The processes that bring about permanent changes through time in communities of organisms--organic evolution, community evolution, and mass extinction--can be readily incorporated into sedimentary models (fig. 6). The punctuational view of evolution implies that the data of biostratigraphy can be taken at face value, especially in local stratigraphic sections, where abrupt appearance and termination of species and long intervals of morphologic stasis are expected. Community evolution can be considered in either the short term or the long term. In the short term local communities should be characterized by species that appear and disappear in the community suddenly. In the long term communities change fundamentally as new kinds of organisms evolve and become extinct and as the physical environment undergoes long-term changes.
Figure 6--Implications of long-term irreversible changes in biologic communities for sedimentary models. Organic evolution leads to community evolution, the change of species composition of a community. The result of this process may be a new fossil community that is similar in many respects to its antecedent. Mass extinction leads to major biotic change and new fossil communities that may be wholly unlike previous ones.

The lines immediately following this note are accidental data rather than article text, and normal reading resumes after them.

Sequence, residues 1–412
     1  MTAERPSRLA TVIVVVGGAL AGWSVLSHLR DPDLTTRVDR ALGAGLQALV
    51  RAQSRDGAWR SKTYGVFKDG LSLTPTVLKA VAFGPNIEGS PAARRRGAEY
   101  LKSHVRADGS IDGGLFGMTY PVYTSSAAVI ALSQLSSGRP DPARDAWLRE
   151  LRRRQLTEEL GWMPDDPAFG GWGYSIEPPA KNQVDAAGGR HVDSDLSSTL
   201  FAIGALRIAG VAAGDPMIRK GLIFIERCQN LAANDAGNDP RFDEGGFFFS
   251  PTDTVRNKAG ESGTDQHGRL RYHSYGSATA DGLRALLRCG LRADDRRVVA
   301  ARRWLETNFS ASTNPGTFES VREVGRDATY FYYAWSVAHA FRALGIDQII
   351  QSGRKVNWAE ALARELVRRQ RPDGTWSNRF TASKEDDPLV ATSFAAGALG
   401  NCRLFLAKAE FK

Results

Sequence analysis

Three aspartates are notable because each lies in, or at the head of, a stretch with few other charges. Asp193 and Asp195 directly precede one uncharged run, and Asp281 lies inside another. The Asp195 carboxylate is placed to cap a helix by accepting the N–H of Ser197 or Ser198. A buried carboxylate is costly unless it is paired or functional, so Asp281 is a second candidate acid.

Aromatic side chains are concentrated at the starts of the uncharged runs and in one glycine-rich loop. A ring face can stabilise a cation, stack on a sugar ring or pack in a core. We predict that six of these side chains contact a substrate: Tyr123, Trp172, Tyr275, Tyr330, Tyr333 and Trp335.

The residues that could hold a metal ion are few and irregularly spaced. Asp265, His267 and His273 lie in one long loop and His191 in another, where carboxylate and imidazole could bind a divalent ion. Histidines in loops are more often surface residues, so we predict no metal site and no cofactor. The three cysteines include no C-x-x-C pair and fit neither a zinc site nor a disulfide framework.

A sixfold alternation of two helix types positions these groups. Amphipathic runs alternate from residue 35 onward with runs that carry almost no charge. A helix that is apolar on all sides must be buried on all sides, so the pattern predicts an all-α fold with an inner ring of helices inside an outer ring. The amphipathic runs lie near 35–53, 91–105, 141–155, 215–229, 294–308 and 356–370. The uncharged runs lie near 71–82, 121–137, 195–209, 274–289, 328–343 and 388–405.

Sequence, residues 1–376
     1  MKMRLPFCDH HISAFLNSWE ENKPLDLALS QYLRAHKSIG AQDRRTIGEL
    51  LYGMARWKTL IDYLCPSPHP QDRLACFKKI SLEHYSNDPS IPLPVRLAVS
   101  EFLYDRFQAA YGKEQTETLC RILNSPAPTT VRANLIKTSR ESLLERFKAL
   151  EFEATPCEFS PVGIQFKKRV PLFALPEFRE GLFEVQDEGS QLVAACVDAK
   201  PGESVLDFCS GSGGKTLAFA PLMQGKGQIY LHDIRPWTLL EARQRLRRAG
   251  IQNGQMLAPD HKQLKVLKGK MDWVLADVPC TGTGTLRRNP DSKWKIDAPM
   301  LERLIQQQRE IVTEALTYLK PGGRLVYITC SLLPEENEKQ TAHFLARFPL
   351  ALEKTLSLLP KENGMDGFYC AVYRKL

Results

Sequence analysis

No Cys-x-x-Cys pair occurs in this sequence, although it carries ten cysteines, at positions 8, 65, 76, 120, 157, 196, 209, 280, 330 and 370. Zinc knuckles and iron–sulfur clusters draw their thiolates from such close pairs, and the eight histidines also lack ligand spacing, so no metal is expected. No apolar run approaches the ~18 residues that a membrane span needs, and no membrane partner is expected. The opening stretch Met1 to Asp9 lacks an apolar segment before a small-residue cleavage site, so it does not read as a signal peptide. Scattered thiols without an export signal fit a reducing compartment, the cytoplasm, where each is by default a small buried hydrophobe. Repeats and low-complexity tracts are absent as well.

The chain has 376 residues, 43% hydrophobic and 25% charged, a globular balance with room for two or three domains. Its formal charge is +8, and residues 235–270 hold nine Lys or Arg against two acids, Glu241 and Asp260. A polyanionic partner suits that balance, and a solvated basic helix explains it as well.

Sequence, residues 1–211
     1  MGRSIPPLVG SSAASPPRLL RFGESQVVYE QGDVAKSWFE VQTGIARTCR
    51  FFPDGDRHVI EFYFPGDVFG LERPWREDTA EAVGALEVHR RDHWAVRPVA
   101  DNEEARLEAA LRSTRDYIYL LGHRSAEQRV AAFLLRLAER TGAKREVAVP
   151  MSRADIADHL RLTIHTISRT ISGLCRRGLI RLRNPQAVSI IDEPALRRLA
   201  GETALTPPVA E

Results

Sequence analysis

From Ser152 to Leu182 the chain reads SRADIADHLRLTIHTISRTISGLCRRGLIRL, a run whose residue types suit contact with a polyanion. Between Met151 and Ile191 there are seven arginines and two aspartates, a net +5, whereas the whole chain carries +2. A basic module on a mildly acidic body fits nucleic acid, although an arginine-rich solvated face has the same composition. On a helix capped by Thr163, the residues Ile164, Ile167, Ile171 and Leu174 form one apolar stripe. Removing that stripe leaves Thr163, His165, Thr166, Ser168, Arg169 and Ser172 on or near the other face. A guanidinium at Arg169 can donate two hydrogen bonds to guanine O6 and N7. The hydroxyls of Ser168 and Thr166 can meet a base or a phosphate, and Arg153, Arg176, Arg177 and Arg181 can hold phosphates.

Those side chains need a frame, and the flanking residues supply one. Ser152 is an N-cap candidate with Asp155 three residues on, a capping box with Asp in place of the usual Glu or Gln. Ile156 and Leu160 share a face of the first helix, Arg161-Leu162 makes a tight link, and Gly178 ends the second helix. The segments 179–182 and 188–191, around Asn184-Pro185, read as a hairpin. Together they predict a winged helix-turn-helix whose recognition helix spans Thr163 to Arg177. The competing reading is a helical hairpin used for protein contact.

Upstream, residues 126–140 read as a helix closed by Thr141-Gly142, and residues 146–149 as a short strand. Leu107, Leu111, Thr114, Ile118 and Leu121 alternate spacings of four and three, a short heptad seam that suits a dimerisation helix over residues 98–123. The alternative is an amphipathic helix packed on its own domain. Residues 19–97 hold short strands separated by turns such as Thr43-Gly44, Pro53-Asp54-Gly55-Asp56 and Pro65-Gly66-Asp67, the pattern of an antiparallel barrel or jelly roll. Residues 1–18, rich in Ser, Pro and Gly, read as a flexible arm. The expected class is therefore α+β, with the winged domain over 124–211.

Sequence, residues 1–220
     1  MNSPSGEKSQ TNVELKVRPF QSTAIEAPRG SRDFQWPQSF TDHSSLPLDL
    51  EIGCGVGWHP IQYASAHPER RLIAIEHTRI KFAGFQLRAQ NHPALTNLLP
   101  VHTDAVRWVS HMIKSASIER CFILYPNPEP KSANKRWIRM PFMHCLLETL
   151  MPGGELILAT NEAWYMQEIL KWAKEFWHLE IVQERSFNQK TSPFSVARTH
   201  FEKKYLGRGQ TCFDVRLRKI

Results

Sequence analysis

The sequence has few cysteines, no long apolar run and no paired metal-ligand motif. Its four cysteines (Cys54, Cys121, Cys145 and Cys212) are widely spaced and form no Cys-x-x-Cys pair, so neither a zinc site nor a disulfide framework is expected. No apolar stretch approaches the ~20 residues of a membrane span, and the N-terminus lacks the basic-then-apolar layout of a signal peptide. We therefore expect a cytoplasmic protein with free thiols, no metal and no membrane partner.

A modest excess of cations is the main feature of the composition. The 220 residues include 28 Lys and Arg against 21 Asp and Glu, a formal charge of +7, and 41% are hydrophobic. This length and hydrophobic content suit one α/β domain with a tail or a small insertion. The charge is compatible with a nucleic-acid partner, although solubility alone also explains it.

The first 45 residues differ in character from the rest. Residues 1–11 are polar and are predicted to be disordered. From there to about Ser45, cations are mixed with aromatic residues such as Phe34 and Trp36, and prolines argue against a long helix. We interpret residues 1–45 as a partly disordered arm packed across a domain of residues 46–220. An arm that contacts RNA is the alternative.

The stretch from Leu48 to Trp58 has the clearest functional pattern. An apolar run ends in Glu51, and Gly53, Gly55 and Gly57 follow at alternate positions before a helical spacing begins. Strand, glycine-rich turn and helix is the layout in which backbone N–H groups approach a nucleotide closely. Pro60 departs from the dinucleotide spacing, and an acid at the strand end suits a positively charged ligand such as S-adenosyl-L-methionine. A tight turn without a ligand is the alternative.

Incorporating ideas about mass extinctions into sedimentary models is largely a matter of realizing their importance for community evolution, notably that mass extinction is likely to occur irrespective of adaptations of organisms to their environments. Viewed in this light, mass extinction is seen as being of overriding importance in the history of life. If so, microevolution, the changes of gene frequency in a biologic population that lead to adaptations to the environment, may be responsible for little more than fine tuning.
My purpose here has not been to model paleocommunities but rather to show that community paleoecology can contribute to sedimentary modeling. The reason for this approach stems from my view of the purpose of modeling, especially simulation modeling, and the pitfalls placed in the path of its paleontologic practitioners. For this reason I present here my views of simulation modeling in paleontology and geology. Most of these comments pertain to deterministic and, where they exist, stochastic models. They do not apply so much to conceptual models, which usually do not involve simulation and in any event are typically just hypotheses. Some might inveigh against some uses of simulation modeling, but even the most curmudgeonly are not against hypotheses in science.